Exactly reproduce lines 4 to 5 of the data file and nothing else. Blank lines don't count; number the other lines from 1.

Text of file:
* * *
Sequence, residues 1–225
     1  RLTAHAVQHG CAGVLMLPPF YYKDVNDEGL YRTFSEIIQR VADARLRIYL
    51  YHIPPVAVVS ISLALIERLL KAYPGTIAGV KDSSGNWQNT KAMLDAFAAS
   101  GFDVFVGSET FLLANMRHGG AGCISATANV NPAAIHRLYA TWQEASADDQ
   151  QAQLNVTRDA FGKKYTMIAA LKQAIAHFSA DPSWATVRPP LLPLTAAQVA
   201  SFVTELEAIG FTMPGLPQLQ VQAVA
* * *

   101  GFDVFVGSET FLLANMRHGG AGCISATANV NPAAIHRLYA TWQEASADDQ
   151  QAQLNVTRDA FGKKYTMIAA LKQAIAHFSA DPSWATVRPP LLPLTAAQVA